I wonder about the mysteries of ruined men*, especially the contrast with those who have found ways to call a truce with their heartaches and ordeals.
Self-Portrait by Francis Bacon
I have seen men who look haunted, whose eyes gaze at me and yet do not engage, who seem unnerved and twitchy. Fathers at school conferences who I knew had come to the end of something – a job, a marriage; whose grief went so deep that their disappointing children annihilated them when my sentences reported on their normal disorders and confusions. Men of a certain age who seem unmoored, as if their usefulness had run out. They watch so much television that living people seem too much trouble; they take too much effort, unlike the comforting ones on the screen who entertain without asking for anything in return.
There are others whose expressions can be equally ghastly though their grim looks take many forms. We have all seen someone well-off, whose money concerns have evaporated, looking as bleak as a Dickens’ orphan.
I used to believe that character was fate, as Heraclitus charged; that we created our lives based on our choices and those choices were corkscrewed inextricably into our characters. They rose from our natures like water vapor off a lake. The lucky were the good. The ruined had simply obeyed the destiny implicit in their sorry selves.
Now, I think I was wrong.
What the Greeks believed was the handiwork of the invisible Gods, we know as circumstance, chance encounters with bad luck, genetic leanings, or simply opening the most profoundly wrong door at the worst possible moment.
Think of those who have been so struck … or better, just look at one’s own history – financial traumas, difficulties with a child, the strains that arise in sustaining a marriage, the potential calamities in the temptation of booze or weed or worse, the slow motion breakdown of the body, bad teeth, lost hair, lost dreams, and perhaps, most terribly, the malignant monthly worry about having enough money to keep a family in food, clothing and in a home, an anxiety that will often metastasize into other arenas of one’s life until each waking second is filled with unease.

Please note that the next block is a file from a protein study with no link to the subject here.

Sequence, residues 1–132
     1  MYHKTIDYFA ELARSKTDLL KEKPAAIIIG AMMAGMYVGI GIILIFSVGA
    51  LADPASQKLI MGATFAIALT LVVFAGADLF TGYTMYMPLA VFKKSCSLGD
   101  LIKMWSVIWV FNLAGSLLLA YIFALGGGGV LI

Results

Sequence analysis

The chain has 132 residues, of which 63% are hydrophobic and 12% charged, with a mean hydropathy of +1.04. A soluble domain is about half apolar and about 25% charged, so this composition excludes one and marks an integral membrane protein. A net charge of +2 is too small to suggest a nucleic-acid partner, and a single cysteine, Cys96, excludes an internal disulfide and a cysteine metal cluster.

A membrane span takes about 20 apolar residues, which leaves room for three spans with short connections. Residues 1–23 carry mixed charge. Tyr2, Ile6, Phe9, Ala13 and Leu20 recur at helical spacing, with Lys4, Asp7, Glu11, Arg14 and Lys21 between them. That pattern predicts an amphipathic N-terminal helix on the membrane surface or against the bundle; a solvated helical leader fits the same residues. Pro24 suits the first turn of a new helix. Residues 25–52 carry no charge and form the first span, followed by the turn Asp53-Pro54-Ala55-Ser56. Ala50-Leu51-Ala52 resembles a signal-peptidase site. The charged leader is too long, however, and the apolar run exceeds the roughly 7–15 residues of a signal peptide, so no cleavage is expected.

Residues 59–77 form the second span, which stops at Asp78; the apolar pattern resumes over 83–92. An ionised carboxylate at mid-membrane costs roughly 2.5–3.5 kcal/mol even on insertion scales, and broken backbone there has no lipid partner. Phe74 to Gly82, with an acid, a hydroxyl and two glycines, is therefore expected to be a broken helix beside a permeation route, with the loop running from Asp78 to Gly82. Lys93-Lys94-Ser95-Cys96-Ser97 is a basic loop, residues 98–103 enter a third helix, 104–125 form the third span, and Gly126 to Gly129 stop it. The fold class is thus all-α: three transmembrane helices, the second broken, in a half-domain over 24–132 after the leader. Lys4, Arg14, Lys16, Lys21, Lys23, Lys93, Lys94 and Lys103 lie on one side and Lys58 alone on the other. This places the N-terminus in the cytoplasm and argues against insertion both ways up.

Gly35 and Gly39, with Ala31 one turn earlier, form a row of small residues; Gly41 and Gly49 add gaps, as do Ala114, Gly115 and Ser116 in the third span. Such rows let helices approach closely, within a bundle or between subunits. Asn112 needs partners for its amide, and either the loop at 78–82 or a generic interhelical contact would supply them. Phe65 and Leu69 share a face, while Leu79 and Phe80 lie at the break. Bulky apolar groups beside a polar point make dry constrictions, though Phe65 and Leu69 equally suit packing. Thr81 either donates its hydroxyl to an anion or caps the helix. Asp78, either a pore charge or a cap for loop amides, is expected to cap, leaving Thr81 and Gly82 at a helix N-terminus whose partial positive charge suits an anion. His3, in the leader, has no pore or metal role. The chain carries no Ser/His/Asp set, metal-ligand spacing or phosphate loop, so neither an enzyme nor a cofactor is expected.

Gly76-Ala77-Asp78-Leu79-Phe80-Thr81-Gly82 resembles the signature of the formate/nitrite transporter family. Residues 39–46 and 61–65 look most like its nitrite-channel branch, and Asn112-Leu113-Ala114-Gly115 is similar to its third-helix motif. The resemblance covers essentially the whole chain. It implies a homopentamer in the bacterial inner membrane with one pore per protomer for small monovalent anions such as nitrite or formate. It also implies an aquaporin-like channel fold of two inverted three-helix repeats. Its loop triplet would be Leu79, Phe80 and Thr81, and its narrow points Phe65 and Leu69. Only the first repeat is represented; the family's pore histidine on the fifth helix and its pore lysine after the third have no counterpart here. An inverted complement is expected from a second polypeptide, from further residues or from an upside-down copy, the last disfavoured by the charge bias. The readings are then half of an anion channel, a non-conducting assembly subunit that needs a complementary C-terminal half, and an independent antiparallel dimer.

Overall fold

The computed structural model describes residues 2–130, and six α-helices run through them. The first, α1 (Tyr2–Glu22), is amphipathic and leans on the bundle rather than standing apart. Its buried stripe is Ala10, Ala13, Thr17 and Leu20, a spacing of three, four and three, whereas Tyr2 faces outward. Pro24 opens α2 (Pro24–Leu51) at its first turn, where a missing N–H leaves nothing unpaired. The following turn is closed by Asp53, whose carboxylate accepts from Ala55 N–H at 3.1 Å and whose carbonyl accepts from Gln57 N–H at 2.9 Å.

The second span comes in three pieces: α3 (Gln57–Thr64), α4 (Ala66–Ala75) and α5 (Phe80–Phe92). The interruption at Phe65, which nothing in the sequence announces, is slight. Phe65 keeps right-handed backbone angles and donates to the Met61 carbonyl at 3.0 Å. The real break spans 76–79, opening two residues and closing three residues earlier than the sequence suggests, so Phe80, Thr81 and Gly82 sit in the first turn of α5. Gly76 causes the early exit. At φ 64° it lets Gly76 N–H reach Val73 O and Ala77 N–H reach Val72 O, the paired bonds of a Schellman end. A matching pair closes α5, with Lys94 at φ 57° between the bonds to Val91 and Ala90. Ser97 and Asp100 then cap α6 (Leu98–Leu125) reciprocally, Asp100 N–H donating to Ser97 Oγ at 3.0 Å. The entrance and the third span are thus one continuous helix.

The longer we are lucky enough to go on, the more this question becomes inappropriate: What happened to them, the ruined ones?
Instead, these are the right questions: What happens to us? How are we to respond? We are all in the process of becoming rubble.
The men I admire all had and have a sense of propulsion. They move forward, but never in straight lines. Those puffed up martinets always seem the most intolerant and narrow minded, as if they are certain that their successes have endowed them with a ruthless wisdom, but one that feels as impersonal as ice.
No, the men I admire have stumbled forward, twisting and lurching. They leave a track as random as someone trying to find shelter from a storm; this way and that, over that hill and then a doubling back to this protected hollow.
These men have found ways to accommodate themselves to agony. They do not give in to it so much as find a space for it and then trap it there for as long as they are able. They carry their scar tissue without granting it the right to define their story. The cancers they have survived, both physically real and metaphorical, have given them a persistent sympathy for others who have also suffered all manner of tempest and wreckage.
Maybe tenacity, that terrier’s extension of courage, is the indispensable virtue, the one that shakes us so that we take the next step instead of falling into a sedentary despair?
Maybe insouciance is the solution. Do we not universally like the man who can throw off the wounds inflicted by the world and laugh?
Maybe finding ways to be of use, to make a new ambition of each morning, maybe that is engine that keeps us moving?
Years ago I watched Dick Cavett interview Marlon Brando; Brando was a tough man with whom to talk, but later at dinner, away from cameras, he relaxed and became genial. At one point Brando said that he envied Cavett. Cavett was surprised. He asked why? “Because you act as if nothing is chasing you,” Brando said.
If true, Cavett was fortunate. I do not know one person my age who is not being pursued. Maybe everything comes down to whether we turn on our pursuer and say, “Yes mother******, what do you want?”
And then, take our chances.
*I have not written about women in this Post because, first, I believe there are profound differences in how men and women respond to life’s hardships, and second, I do not think I know enough to write about them yet.